One of my favourite pieces in the exhibition is this beautiful chair, one of Napoleon’s many thrones in the imperial palaces. Upholstered in fabulous red velvet it has a touch of Egypt about it, in the style which came to be known as Empire. It’s in a gallery containing some huge tapestry hangings that had graced the reception rooms at Versailles. The colours of the galleries, in this case red – were stunning, adding so much to the feeling of opulence everywhere you looked.
Another gallery featured soft furnishings and various personal items owned and used by the imperial family. Apparently Napoleon maintained good dental hygiene, so his personal dentist, who travelled everywhere with him, never needed to use some of the handsome tools in the elaborately crafted set of dental tools exhibited. This may or may not be the actual set in the exhibition – but, if not, it is very like what I saw, and the text reads pretty much word for word what I read in that gallery – so I think it may be.
I don’t remember how many palaces the emperor had use of – you can google that! but below are some of the silk furnishing fabrics commissioned during his reign as apartments were refurbished. Gorgeous and no doubt important symbols are in these designs – you can see more Napoleonic symbol images here and, using the googler, explore around ’empire style’, ‘napoleonic’ and related terms come up with some wonderful antique furniture and objects from early to mid C19 France, United States and Regency England.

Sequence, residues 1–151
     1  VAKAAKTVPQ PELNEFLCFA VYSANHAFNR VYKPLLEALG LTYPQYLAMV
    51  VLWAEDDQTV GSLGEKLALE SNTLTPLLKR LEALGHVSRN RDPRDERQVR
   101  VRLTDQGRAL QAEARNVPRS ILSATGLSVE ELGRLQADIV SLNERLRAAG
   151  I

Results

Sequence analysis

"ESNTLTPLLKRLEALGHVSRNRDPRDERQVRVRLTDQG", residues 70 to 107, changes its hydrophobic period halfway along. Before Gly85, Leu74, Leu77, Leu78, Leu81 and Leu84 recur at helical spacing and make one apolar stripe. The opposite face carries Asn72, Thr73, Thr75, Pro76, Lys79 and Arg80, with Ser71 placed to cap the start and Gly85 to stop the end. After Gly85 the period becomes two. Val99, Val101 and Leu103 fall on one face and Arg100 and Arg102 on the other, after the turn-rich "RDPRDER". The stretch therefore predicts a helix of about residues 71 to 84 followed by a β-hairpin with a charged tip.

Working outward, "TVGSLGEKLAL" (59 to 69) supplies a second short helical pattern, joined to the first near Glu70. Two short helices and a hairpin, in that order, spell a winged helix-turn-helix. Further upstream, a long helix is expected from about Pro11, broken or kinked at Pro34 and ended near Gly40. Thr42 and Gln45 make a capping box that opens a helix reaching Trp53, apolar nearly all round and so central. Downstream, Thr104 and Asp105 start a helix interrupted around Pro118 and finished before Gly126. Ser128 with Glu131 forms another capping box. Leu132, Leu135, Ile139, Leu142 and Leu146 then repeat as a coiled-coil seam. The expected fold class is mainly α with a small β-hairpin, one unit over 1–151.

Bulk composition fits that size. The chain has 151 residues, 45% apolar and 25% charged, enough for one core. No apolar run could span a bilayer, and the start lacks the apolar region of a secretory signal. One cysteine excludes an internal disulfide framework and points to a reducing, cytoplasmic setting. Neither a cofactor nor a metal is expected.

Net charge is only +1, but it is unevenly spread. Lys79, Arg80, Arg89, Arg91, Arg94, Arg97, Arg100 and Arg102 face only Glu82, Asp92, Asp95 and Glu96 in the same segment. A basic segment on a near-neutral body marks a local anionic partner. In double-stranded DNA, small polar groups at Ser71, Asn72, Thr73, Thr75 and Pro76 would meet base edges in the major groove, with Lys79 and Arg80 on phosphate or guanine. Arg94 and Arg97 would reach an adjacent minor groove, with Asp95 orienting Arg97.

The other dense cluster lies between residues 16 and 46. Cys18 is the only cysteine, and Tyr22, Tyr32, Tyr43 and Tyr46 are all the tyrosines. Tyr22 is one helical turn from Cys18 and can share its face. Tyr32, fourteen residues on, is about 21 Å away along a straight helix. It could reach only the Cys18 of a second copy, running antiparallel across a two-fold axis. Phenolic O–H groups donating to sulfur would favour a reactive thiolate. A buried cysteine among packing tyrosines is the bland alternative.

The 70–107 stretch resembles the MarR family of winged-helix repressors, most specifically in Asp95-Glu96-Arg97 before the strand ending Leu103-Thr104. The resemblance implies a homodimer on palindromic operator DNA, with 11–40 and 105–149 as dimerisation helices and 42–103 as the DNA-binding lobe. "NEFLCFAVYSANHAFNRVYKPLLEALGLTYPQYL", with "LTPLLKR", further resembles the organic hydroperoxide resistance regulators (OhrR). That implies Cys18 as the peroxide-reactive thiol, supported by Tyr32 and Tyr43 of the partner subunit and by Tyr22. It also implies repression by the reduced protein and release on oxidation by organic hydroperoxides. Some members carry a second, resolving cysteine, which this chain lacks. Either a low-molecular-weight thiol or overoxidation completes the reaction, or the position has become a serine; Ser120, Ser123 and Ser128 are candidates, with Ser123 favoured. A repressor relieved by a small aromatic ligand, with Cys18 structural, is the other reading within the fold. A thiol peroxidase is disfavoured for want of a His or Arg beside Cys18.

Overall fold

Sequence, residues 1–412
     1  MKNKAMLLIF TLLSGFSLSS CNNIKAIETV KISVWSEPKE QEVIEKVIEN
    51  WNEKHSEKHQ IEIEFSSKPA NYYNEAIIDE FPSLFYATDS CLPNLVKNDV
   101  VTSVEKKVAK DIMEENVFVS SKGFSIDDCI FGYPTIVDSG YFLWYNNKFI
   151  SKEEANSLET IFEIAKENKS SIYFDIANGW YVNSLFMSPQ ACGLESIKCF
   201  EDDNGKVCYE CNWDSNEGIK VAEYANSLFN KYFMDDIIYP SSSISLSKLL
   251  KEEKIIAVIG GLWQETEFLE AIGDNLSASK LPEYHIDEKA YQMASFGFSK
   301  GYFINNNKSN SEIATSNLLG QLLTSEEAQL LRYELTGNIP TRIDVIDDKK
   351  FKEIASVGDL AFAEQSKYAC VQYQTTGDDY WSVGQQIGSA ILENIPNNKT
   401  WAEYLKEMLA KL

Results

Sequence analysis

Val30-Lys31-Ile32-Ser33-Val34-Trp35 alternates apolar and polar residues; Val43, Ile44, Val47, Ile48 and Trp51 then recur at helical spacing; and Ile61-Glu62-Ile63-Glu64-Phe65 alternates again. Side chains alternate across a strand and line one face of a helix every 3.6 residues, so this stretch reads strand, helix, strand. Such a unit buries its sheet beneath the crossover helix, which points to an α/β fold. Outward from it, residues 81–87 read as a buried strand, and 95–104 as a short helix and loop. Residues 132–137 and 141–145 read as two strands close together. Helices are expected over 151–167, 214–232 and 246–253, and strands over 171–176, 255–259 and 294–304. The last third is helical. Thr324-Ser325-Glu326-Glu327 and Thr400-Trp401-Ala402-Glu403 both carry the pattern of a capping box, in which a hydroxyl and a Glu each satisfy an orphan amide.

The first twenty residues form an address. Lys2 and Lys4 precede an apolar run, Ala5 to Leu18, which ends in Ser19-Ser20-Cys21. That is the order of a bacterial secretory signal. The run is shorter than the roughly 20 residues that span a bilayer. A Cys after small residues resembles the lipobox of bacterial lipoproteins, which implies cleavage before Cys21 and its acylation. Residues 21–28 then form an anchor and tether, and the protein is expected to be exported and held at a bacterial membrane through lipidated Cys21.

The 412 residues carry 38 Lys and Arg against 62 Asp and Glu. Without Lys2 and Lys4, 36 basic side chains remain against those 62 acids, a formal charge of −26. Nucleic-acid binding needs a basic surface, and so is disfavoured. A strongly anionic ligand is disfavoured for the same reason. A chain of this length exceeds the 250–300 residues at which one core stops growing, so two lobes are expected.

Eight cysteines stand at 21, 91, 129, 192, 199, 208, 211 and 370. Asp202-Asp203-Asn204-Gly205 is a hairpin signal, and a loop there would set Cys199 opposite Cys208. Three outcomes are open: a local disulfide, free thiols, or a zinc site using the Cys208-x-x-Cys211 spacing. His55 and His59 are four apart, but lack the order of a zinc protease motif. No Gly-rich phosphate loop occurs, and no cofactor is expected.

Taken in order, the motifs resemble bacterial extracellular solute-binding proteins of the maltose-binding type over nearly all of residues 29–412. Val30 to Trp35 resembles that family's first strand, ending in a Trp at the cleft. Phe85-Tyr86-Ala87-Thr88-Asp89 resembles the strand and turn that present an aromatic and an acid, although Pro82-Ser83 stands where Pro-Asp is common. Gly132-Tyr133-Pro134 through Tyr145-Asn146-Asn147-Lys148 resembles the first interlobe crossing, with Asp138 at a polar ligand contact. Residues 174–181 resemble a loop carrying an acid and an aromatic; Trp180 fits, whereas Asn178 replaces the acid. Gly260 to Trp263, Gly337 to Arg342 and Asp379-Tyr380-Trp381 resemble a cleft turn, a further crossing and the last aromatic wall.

You and I probably share at least some love of textiles, which is why you’re reading this blog, right? And I hope you’re a regular! Through my long involvement in textiles I have learned a lot of history, but history was never my strong point at school, where the subject was taught by the school principal, Miss Margery Rooney. We adored her, but she was a very uninspiring teacher For most lessons, whe read aloud from the text book while we followed along, and just occasionally there was a change of activity as we copied notes from the blackboard. I hated her boring classes and opted out of history as soon as I could. In my late 20s, though, I realised what a shame it was this dreary teacher had killed ‘history’ as a subject for me. Though I’ve been making up for it over the past 50 years, my knowledge of European history in particular is still deficient in parts, of which I was very aware at this exhibition! While writing this account today, I found this link to the National Gallery of Victoria (Australia) setting out the life and times of Napoleon Bonaparte in a way I found fairly easy and comfortable to wrap my mind around. And here’s a timeline site putting the Napoleonic period into context re textile fashions which I’ve bookmarked for the future.
In summary, we’ve all heard of Napoleon Bonaparte, but I’m sure I was not alone in not realising how much the world, not just France, owes to this extraordinary man. Apparently he was a total workaholic, excelled at devising systems to organise people and services, and slept perhaps 3 hours per night. From the NGV site’s interesting page of facts and figures one most striking to me is “The rule of Napoleon fostered numerous scientific discoveries, many related to warfare. The process of canning food was a product of the Napoleonic Wars and the search for a better means to preserve food for the troops.” Napoleon was President of the French Academy of Sciences from 1801–1814. The more you learn the more you know there is to learn.